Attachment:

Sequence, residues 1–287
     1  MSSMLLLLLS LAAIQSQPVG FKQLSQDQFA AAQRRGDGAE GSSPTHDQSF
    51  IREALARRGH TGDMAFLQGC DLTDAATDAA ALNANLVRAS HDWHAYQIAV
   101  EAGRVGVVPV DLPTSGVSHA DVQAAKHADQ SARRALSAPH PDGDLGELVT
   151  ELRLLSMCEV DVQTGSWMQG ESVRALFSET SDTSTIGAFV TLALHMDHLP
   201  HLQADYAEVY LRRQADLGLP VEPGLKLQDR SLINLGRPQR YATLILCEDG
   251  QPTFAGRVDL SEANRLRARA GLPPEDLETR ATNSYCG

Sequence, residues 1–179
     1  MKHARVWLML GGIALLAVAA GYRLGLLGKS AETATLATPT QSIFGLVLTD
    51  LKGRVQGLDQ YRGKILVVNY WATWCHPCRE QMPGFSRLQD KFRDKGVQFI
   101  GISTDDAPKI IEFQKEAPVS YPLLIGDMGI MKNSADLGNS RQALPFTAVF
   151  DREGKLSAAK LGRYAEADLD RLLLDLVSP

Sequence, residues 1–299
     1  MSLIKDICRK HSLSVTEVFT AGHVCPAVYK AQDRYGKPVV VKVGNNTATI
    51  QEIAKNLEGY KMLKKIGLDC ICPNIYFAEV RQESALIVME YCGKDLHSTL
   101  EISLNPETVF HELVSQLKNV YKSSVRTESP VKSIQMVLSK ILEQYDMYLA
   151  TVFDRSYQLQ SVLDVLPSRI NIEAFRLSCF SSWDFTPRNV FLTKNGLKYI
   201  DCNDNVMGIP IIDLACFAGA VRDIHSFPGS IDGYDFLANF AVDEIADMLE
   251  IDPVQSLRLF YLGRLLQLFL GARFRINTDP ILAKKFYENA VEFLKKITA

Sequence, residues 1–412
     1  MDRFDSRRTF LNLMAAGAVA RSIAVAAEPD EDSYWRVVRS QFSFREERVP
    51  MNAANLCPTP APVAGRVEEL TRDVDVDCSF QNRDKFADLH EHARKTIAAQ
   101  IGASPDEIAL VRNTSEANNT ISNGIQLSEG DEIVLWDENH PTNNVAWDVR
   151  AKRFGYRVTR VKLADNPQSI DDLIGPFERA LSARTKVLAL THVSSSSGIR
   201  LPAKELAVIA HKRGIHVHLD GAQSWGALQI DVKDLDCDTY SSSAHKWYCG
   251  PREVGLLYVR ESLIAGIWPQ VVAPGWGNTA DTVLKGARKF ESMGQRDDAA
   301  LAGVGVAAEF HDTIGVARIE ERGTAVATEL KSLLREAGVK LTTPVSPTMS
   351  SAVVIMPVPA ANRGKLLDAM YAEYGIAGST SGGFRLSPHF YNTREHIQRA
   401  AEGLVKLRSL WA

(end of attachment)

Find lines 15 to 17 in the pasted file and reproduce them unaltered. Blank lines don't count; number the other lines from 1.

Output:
    51  QEIAKNLEGY KMLKKIGLDC ICPNIYFAEV RQESALIVME YCGKDLHSTL
   101  EISLNPETVF HELVSQLKNV YKSSVRTESP VKSIQMVLSK ILEQYDMYLA
   151  TVFDRSYQLQ SVLDVLPSRI NIEAFRLSCF SSWDFTPRNV FLTKNGLKYI